Total War: Rome II – Beasts of War DLC

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Total War: Rome II - Beasts of War DLC

Total War: Rome II - Beasts of War DLC

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  • SKU: mo1530-0301-1170323
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  • Product Name: Total War: Rome II – Beasts of War DLC
  • Last Update: 36:28.1
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Product Description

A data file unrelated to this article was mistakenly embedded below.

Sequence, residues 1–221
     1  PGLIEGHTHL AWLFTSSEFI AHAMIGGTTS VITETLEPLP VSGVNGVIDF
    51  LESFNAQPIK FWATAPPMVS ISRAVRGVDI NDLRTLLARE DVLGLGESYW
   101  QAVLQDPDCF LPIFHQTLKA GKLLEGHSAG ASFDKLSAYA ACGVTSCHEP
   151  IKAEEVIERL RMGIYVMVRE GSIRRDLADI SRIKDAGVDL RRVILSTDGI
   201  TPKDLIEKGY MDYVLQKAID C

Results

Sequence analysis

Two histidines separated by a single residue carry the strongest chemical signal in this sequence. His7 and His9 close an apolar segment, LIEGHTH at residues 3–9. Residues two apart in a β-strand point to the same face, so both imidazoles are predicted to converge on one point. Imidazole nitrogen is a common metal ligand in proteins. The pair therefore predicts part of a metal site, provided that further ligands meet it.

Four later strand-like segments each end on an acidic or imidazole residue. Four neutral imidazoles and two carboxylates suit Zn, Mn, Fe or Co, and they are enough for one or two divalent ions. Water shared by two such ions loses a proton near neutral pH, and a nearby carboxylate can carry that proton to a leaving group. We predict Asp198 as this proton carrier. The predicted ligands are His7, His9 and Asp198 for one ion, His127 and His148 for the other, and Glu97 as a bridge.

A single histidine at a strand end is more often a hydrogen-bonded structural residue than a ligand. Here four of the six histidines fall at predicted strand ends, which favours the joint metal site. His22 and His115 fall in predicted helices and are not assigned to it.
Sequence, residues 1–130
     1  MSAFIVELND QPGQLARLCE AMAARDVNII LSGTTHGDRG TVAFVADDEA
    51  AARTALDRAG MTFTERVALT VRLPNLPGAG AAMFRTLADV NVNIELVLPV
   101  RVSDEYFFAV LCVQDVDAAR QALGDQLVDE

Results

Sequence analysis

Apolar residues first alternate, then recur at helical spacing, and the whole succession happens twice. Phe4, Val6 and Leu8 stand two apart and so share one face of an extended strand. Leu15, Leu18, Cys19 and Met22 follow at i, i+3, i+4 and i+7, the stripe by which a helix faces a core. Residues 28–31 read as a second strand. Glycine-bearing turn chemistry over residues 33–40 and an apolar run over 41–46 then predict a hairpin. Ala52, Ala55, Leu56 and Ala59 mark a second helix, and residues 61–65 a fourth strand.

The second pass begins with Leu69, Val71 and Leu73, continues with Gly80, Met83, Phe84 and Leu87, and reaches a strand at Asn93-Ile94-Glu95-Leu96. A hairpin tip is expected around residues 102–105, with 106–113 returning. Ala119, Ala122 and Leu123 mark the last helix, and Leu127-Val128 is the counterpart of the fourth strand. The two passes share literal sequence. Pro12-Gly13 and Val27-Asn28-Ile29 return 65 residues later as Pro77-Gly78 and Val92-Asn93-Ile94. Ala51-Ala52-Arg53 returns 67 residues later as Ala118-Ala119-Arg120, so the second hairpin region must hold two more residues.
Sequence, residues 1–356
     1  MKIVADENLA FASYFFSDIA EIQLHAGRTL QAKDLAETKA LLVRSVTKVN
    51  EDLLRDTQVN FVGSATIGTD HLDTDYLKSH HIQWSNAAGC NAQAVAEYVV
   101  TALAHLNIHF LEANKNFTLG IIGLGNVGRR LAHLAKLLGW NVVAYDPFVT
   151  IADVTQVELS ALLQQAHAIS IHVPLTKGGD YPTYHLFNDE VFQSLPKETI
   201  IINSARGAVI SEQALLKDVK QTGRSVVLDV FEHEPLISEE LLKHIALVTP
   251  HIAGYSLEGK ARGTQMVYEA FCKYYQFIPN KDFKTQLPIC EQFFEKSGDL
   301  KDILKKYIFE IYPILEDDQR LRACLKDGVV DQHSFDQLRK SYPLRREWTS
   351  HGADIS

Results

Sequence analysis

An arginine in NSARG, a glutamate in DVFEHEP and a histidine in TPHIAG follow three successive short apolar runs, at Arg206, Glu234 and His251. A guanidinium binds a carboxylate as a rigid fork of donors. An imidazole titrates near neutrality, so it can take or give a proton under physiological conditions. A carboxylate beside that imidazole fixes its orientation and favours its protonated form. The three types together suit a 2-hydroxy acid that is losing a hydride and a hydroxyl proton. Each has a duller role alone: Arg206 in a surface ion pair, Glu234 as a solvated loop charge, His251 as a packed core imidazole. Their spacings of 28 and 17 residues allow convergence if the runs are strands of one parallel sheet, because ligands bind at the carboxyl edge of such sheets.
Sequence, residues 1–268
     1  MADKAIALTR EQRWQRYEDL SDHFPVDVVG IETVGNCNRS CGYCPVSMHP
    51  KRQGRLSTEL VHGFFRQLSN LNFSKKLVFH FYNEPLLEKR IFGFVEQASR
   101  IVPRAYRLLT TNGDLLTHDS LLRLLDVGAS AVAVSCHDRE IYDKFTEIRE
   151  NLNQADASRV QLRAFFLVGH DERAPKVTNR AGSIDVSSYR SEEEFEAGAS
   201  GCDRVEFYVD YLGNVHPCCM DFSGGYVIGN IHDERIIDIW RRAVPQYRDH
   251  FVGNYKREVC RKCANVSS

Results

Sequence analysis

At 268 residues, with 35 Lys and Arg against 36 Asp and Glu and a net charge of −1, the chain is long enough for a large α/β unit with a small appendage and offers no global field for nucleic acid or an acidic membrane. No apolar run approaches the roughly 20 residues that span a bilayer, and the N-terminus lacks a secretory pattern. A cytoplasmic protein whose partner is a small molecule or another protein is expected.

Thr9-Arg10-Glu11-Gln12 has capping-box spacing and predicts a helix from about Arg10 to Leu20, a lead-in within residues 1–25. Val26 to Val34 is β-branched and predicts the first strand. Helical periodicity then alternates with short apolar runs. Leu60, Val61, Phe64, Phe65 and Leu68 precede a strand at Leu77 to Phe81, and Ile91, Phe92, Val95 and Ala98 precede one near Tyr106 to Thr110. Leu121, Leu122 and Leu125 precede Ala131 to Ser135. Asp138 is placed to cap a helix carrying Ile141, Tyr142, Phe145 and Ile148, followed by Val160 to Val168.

Note: This product requires base game Total War: Rome II in order to play.Marshall your savagery, and strike primal fear into the hearts of your enemies with the Beasts of War unit pack for ROME II. Comprising seven new battlefield units, Beasts of War brings further variety to ROME II’s already diverse unit roster. Terrorise your enemies and slow their progress with beehive, scorpion and snake-pot ballistas, or crush them under the weight of heavily-armoured Cataphract Camels and Mercenary Syrian Armoured Elephants. And when their will is broken and they flee the field, run them down with two new breeds of ferocious war-dogs. Key FeaturesBeasts of War brings introduces the following recruitable units to ROME II: • Molossian Dogs Can be recruited by: Epirus A heavily muscled beast from western Greece, the now-extinct Molossian is considered to be the predecessor of many of today’s larger breeds, such as the Rottweiler and Great Dane. Used as both a guard dog and in battle, Virgil remarked “never, with them on guard, need you fear for your stalls a midnight thief, or onslaught of wolves, or Iberian brigands at your back.” These vicious dogs do not tire easily, and never lose the scent of an enemy. • Beehive Onager Can be recruited by: Athens, Epirus, Macedon, Sparta, and Syracuse Whilst large-scale beekeeping for agricultural purposes was a later innovation, the humble honeybee nevertheless held an important place in ancient Greek culture. A trio of mythical nymphs, the Thriae or ‘bee maidens’, were loved by Apollo and Poseidon, bearing their children. Bees also have a practical application in battle, as a swarm of angry bees will always cause troops to stall and panic. • Scorpion Pot Ballista Can be recruited by: Pontus, Parthia Home to the most lethal scorpions in the known world, whose sting can paralyse and kill a man within an hour, it was only a matter of time before a wily Middle Eastern general used them against his enemies. Spare a thought, then, for the Roman emperor Severus; whilst besieging the Parthian city of Hatra, his army was showered with pots of scorpions from atop the city walls. Like Trajan before him, Severus failed to breach the defences, even after two attempts. • Snake Pot Ballista Can be recruited by: Carthage Perhaps the most famous use of potted animals was Hannibal Barca’s tactic against the fleets of Eumenes II of Pergamon. Hurling large clay pots full of venomous snakes onto the decks of Eumenes’ ships; he panicked the enemy fleet and won the day. Any unit struck by writhing, venomous snakes will pause to consider the wisdom of marching onwards! • Camel Cataphracts Can be recruited by: Parthia The Roman general Macrinus was not noted for his experience, although had another fought the Battle of Nisbis in 217 AD, it’s hard to imagine he’d be any less stunned by the Parthian cataphract camels fielded that day. Wearing coats of tough, yet flexible, scale-mail, they made an awesome and terrifying sight as they punched through the frontlines and spooked the Roman horses with their camels’ earthy stench. • Celtic Warhounds Can be recruited by: Iceni, Cantiaci, Caledones, Demetae, Dunmonii, Brigantes, and Ebdani Dogs have always been useful for guard, patrol and scout work. With skilled handlers they can also be used effectively on the battlefield. Attack dogs were specifically bred and trained to ignore the noise and chaos of combat. The Celtic tribes of the late Iron Age put them to great use. Their speed and ferocity made them ideal shock-troops, and perfect for running down fleeing stragglers. • Mercenary Syrian Armoured Elephants Can be hired as mercenaries in: Dura, Antioch, Tyros, and Palmeira Indian elephants first came to the Middle East when Seleucus, one of Alexander the Great’s Successors, invaded India in 305 BC. 500 war elephants were handed over as part of the peac